Phentolamine mesylate accelerates recovery from oral soft tissue anesthesia in patients who have received local anesthetic injections containing a vasoconstrictor. The proposed mechanism is that phentolamine, an alpha-adrenergic antagonist, blocks the vasoconstriction associated with the epinephrine used in dental anesthetic formulations, thus enhancing the systemic absorption of the local anesthetic from the injection site. Assessments of the pharmacokinetics of lidocaine and phentolamine, and the impact of phentolamine on the pharmacokinetics of lidocaine with epinephrine were performed to characterize this potentially valuable strategy. The blood levels of phentolamine were determined following its administration intraorally and intravenously. Additionally, the effects of phentolamine mesylate on the pharmacokinetics of intraoral injections of lidocaine with epinephrine were evaluated. Sixteen subjects were enrolled in this phase 1 trial, each receiving 4 drug treatments: 1 cartridge lidocaine/epinephrine followed after 30 minutes by 1 cartridge phentolamine (1L1P), 1 cartridge phentolamine administered intravenously (1Piv), 4 cartridges lidocaine/epinephrine followed after 30 minutes by 2 cartridges phentolamine (4L2P), and 4 cartridges lidocaine/epinephrine followed by no phentolamine (4L). Pharmacokinetic parameters estimated for phentolamine, lidocaine, and epinephrine included peak plasma concentration (Cmax), time to peak plasma concentration (Tmax), area under the plasma concentration-time curve from 0 to the last time point (AUClast) or from time 0 to infinity (AUCinf), elimination half-life (t1/2), clearance (CL), and volume of distribution (Vd). The phentolamine Tmax occurred earlier following the intravenous administration of 1Piv (7 minutes than following its submucosal administration in treatment 1L1P (15 minutes) or 4L2P (11 minutes). The phentolamine t1/2, CL, and Vd values were similar for 1L1P, 1Piv, and 4L2P. The Tmax for lidocaine occurred later and the Cmax for lidocaine was slightly higher when comparing the 4L2P treatment and the 4L treatment. The phentolamine-induced delay of the lidocaine Tmax likely represents phentolamine's ability to accelerate the systemic absorption of lidocaine from oral tissues into the systemic circulation.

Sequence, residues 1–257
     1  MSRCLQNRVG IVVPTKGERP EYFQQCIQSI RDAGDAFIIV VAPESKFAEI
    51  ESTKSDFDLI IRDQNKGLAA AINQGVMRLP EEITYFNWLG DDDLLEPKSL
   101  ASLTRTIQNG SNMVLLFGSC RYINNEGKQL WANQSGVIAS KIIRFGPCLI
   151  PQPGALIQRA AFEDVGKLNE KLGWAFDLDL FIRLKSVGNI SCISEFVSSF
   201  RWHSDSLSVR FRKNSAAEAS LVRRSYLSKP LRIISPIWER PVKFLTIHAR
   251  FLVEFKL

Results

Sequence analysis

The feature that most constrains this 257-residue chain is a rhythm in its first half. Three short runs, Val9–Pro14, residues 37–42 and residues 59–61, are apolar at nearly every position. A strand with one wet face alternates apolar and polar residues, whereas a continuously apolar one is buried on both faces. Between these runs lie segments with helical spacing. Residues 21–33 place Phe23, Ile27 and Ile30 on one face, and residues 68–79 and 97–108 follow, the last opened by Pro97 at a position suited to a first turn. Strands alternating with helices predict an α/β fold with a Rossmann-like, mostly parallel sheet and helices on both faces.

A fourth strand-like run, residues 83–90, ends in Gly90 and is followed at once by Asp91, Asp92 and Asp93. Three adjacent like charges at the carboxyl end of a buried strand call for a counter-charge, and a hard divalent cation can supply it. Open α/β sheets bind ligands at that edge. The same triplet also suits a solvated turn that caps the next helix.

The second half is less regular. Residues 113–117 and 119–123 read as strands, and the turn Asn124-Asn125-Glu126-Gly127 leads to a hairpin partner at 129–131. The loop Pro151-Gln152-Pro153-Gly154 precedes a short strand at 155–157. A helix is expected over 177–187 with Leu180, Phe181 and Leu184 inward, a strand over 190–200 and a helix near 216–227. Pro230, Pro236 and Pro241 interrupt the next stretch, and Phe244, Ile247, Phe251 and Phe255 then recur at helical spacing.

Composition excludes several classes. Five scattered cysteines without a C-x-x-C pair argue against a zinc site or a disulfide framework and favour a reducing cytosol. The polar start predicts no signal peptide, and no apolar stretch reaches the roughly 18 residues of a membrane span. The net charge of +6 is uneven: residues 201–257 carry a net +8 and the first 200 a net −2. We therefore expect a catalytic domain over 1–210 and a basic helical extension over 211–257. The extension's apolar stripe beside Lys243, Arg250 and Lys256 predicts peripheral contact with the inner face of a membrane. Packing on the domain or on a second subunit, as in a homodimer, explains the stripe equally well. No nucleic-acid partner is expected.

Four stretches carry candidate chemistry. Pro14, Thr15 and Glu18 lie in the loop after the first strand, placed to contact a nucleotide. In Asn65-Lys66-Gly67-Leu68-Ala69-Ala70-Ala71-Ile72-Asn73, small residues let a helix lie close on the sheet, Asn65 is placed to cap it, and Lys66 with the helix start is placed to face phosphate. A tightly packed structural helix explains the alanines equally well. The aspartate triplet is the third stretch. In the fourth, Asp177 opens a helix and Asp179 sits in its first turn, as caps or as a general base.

PMCID: PMC2424015  PMID: 18547152
Pharmacokinetics; Dental local anesthesia; Lidocaine; Phentolamine; Epinephrine
6.  Stress-Mediated Increases in Systemic and Local Epinephrine Impair Skin Wound Healing: Potential New Indication for Beta Blockers 
PLoS Medicine  2009;6(1):e1000012.
Stress, both acute and chronic, can impair cutaneous wound repair, which has previously been mechanistically ascribed to stress-induced elevations of cortisol. Here we aimed to examine an alternate explanation that the stress-induced hormone epinephrine directly impairs keratinocyte motility and wound re-epithelialization. Burn wounds are examined as a prototype of a high-stress, high-epinephrine, wound environment. Because keratinocytes express the β2-adrenergic receptor (β2AR), another study objective was to determine whether β2AR antagonists could block epinephrine effects on healing and improve wound repair.
Methods and Findings